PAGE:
She doesn’t tone down her potty mouth when speaking to the press, freely shares stories of her many drunken escapades, and has no problem discussing her bodily functions. Her “one of the boys” persona is a legacy of her growing up as a competitive little sister to two older brothers.

As comfortable and unfiltered as she appears when doing commercials, the down-to-earth actress admitted to The New York Times that she considers herself “some kind of avatar.” This mental distance helps shield her from worrying about what people think of her, which is a trigger for her insecurities.

I’ve always had anxiety, sexual insecurities, and fear of being judged, and then when I finally did [nude scenes in Red Sparrow], I realized that it was not serious. I really felt liberated from it all.

In a Rolling Stone profile that aired just after The Hunger Games was released, Lawrence said she coped with the anxiety over her rising stardom by “cleaning up like crazy.” Experience and maturity — and a prescription — helped Lawrence let go of some of her day-to-day anxiety about paparazzi, public opinion, and the Hollywood lifestyle.

Her beloved dog Pippi also provides comfort during times of emotional stress, such as when her phone was hacked in 2014 and hacked nude selfies of her went viral on the internet.

Yet when asked if she prefers the “bad girl” or “good girl” roles, Lawrence reveals that she prefers playing a bad girl “because in a way that means I don’t care whether the public likes me or not.

“It’s more fun to play the bad girl,” she adds. “It allows me to release a lot of anger or anxiety on camera.”

first person, singular

Here’s a taste of speaking directly with Jennifer Lawrence about her anxiety and other issues:

Q: Was it a bit intimidating for you to start climbing the ladder as a teenager in New York?

A: I’ve had the benefit of knowing what I wanted to do with my life since I was 14…. I always knew acting was my destiny.

Q: Since you became so famous, has it become more difficult to maintain or develop real friendships?

A: I’ve learned to stick with people I know very well who haven’t changed their behavior with me because of everything that’s happened to me. It bothers me if I feel like people don’t treat me normally. I like to stay real and be myself around people I can relate to and who help keep me grounded.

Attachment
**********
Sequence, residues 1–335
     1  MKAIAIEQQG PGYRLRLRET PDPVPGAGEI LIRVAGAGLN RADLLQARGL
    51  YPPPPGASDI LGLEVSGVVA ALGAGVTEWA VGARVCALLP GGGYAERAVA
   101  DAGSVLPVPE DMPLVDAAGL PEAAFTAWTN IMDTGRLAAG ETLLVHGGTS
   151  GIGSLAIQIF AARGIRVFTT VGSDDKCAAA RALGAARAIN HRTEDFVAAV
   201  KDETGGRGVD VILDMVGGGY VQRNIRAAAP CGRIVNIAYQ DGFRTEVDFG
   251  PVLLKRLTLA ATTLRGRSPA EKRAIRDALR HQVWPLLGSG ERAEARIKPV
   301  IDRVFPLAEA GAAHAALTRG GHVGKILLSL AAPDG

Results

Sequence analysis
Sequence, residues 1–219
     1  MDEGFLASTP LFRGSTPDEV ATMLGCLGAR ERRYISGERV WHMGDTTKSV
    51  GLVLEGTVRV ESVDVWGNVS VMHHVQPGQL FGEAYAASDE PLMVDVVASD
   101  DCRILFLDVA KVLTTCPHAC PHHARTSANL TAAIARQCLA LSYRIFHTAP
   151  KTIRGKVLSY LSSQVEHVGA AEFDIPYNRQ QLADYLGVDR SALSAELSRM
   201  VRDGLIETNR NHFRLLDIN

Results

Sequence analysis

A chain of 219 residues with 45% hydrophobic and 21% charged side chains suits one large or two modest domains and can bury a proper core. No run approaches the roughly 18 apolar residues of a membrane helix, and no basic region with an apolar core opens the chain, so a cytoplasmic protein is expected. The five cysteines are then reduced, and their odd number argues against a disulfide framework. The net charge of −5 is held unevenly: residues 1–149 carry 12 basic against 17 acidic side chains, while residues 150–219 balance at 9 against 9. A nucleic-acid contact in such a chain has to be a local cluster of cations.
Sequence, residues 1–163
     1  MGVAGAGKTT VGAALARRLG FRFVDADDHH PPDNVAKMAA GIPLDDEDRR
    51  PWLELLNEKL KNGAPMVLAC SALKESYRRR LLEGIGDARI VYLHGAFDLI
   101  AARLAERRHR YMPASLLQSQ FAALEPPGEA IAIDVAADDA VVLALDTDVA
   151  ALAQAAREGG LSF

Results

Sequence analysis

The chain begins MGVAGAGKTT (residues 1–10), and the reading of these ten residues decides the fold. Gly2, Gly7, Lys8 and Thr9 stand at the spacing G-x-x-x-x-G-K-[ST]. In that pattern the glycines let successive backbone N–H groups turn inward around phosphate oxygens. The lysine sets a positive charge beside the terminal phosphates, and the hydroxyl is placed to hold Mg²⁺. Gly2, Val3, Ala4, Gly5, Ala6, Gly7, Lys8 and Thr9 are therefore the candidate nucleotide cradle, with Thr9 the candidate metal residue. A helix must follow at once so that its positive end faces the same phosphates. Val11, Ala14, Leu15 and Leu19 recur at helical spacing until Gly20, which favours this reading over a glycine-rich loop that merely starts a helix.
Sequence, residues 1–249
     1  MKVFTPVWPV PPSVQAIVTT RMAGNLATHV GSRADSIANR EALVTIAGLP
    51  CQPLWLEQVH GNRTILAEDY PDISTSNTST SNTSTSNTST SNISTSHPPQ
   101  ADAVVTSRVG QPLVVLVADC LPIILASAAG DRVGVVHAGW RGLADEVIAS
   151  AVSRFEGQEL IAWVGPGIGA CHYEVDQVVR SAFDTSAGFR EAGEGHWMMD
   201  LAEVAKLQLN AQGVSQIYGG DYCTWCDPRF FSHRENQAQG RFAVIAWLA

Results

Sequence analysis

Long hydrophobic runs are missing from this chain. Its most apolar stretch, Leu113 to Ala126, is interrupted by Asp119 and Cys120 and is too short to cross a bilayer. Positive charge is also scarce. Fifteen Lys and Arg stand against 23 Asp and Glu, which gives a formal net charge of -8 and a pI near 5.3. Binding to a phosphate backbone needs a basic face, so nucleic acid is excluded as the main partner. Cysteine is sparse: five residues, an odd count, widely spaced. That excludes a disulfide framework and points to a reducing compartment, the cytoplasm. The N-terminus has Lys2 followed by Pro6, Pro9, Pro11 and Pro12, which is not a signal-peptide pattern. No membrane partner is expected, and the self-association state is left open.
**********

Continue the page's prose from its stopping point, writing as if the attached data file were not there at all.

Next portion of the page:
Q: You spoke openly about your anxiety issues when you were younger.

A: My parents had to hide the newspaper from me because I was reading the newspaper and thinking, “The world is coming to an end!” The stock market is going to crash!” And I was like 11 years old.

I’ve had a severe case of anxiety since I was young about getting into trouble. I hate getting in trouble and I hate breaking the rules. So I normally try to live my life doing what I think is the best thing in the situation.

Q: How does your anxiety manifest?

A: I get the weirdest anxiety. When I was in elementary school, I used to tell everyone that I had a leg problem and it needed a lot of attention, my imaginary leg problem, and I didn’t know if I was going to live or die. And my mom comes to school, and one of my classmates is like, “How’s Jennifer’s leg?”

And my mom looks at me and she knows I lied and she had me purged. I was on the floor and she shot me all the lies I never told. She made me tell every lie and I cried. It was horrible!

[Now] even the smallest thing, like “How’s your day going?” and I have to purge.

Q: You’ve also had issues with anxiety on airplanes, haven’t you?

A: I’m not afraid of the plane, I’m afraid of myself in the plane and losing control of myself. I’m always afraid to get up mid-flight and shout, “We’re all going to fall!”

I did this.

I was on an overnight flight to Berlin [in the midst of promoting Passengers with
co-star Chris Pratt] when we started to encounter turbulence…. One of the baggage doors under the plane had opened and there were these crazy noises, the plane was [moving] side to side and I was yelling at the stewardess, “Is everything going to be okay?

Everyone was trying to be very calm and not scare the other passengers, but not me. I alarmed everyone. I felt it was my duty to make others panic more…. Chris kept trying to calm me down. He reached across the aisle and I was like “Aaarrggh, get off me!”